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Published: Thursday, November 15, 2018 @ 12:00 AM
A Beavercreek schools foreign language teacher has sued the district claiming she was discriminated against when she was transferred from teaching Spanish to French.
The lawsuit on behalf of teacher Bonnie M. McGriff was filed Nov. 9 in the United States District Court for the Southern District of Ohio in Dayton.
McGriff, 54, filed a discrimination complaint in August with the Ohio Civil Rights Commission. Days later, the United States Equal Employment Opportunity Commission gave a “notice of rights,” which indicated McGriff had a right to file a civil action within 90 days against Beavercreek City Schools, according to court records.
According to the complaint, McGriff claims she was discriminated against based on age and having a hearing disability when her employer changed her job assignment.
“Prior to the 2017-18 school year, (McGriff) was given a job transfer to teach French only, which (McGriff) believes was calculated to force her out of employment due to her age and disability,” according to the lawsuit. “(McGriff) has taught Spanish in an exceptional manner for her entire career despite suffering from a hearing disability. The last time she taught French I was nearly 20 years ago; and at the time of the job transfer, she had never taught French II.”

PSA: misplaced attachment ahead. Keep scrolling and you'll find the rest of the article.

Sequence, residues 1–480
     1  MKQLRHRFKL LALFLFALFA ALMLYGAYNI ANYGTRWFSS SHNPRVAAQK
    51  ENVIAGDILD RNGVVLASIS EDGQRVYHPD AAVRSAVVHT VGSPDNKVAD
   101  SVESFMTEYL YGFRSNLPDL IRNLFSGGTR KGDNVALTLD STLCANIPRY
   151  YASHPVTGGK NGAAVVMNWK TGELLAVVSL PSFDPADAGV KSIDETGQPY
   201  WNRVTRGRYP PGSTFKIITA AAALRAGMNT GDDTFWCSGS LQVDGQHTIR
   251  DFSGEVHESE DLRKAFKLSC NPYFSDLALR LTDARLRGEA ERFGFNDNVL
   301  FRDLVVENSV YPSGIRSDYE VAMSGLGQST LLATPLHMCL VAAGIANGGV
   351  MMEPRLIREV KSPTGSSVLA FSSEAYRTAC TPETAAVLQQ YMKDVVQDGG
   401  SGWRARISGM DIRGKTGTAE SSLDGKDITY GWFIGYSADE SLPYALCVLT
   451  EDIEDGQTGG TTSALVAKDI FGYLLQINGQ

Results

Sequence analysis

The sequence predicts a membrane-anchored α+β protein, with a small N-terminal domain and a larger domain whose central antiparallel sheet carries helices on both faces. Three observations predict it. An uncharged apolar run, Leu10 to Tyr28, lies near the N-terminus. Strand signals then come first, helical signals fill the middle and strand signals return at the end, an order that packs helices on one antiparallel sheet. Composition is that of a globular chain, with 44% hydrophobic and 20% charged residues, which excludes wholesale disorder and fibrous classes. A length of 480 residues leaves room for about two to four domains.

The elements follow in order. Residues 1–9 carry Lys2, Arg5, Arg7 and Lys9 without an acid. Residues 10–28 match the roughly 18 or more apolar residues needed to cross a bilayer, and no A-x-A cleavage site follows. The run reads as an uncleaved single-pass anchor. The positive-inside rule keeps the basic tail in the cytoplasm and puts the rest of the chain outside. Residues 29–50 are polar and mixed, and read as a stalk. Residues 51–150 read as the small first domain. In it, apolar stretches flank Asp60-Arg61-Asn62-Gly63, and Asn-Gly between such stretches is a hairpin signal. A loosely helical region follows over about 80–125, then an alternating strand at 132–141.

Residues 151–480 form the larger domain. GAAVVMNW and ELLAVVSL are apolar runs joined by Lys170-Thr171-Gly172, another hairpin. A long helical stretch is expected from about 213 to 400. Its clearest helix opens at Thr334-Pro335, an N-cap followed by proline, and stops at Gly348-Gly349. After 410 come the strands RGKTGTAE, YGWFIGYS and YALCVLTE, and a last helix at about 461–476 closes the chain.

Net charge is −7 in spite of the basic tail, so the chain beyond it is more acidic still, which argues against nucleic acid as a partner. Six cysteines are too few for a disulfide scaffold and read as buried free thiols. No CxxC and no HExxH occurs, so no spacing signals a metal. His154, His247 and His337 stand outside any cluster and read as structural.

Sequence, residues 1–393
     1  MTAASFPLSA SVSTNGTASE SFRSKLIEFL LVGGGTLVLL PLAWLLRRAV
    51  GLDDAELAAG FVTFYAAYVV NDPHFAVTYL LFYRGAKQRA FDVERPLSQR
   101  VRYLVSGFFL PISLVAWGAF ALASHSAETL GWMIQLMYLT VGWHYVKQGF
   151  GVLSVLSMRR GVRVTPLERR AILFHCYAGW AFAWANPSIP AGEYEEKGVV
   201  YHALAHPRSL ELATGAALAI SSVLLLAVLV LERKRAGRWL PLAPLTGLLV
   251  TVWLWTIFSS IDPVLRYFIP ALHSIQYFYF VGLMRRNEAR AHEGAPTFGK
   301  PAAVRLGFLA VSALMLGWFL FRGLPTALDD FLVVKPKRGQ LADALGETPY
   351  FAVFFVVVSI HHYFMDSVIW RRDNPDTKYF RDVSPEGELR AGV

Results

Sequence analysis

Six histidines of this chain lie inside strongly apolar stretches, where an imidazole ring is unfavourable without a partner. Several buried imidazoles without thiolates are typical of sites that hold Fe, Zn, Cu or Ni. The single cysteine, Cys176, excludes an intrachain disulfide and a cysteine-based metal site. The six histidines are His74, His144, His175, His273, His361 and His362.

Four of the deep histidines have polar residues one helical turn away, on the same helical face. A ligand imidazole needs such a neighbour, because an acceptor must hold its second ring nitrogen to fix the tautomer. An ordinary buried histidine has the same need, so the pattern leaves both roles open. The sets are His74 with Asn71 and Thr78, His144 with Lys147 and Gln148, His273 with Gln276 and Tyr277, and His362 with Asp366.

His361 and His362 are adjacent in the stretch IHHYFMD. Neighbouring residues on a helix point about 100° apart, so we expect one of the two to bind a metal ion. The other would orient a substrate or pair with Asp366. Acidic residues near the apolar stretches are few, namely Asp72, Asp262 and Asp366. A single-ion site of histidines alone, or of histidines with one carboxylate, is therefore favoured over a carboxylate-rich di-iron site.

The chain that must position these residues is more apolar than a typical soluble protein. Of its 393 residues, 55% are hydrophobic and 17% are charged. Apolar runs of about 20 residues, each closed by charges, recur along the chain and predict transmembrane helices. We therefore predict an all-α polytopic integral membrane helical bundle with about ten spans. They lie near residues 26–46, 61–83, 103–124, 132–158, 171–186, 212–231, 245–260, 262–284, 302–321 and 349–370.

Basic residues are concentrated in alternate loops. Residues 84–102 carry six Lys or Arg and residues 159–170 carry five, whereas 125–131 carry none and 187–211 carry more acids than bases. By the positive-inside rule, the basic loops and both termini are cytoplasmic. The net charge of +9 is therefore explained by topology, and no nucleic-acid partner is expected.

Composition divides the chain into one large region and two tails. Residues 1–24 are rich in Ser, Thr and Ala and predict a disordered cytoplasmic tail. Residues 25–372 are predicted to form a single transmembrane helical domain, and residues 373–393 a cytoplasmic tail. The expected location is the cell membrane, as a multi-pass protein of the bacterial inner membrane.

The district released a statement in response to an inquiry from the Dayton Daily News.
“The District is aware of the recent complaint filed by Bonnie McGriff. The District denies her allegations of discrimination and will defend itself vigorously. The District has no further comment on this matter at this time,” it said in the statement.
McGriff has worked as a teacher in Beavercreek schools since 1996 and has 30 years of experience teaching Spanish, 21 of which came in the Beavercreek district, according to the complaint.
The complaint states that “substantially younger and non-disabled employees were provided more favorable teaching assignments” than McGriff, who is the department chair.
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McGriff is seeking relief from the court’s decision to restore her as the Spanish teacher, reimbursement for attorney fees and costs, back pay and all benefits owed, as well as compensatory damages in excess of $25,000, according to the lawsuit.